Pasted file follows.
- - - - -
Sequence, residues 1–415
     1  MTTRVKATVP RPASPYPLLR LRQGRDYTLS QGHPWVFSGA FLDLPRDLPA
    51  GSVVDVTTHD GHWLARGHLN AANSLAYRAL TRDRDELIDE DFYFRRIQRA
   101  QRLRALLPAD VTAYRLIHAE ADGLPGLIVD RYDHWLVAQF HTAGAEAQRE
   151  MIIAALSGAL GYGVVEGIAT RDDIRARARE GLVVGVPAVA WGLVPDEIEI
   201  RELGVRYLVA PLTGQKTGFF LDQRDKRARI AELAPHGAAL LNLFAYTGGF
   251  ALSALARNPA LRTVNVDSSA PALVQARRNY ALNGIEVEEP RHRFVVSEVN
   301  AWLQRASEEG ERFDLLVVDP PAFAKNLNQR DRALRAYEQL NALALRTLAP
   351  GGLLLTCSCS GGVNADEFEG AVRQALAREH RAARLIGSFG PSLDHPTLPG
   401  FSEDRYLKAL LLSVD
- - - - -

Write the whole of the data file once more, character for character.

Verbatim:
Sequence, residues 1–415
     1  MTTRVKATVP RPASPYPLLR LRQGRDYTLS QGHPWVFSGA FLDLPRDLPA
    51  GSVVDVTTHD GHWLARGHLN AANSLAYRAL TRDRDELIDE DFYFRRIQRA
   101  QRLRALLPAD VTAYRLIHAE ADGLPGLIVD RYDHWLVAQF HTAGAEAQRE
   151  MIIAALSGAL GYGVVEGIAT RDDIRARARE GLVVGVPAVA WGLVPDEIEI
   201  RELGVRYLVA PLTGQKTGFF LDQRDKRARI AELAPHGAAL LNLFAYTGGF
   251  ALSALARNPA LRTVNVDSSA PALVQARRNY ALNGIEVEEP RHRFVVSEVN
   301  AWLQRASEEG ERFDLLVVDP PAFAKNLNQR DRALRAYEQL NALALRTLAP
   351  GGLLLTCSCS GGVNADEFEG AVRQALAREH RAARLIGSFG PSLDHPTLPG
   401  FSEDRYLKAL LLSVD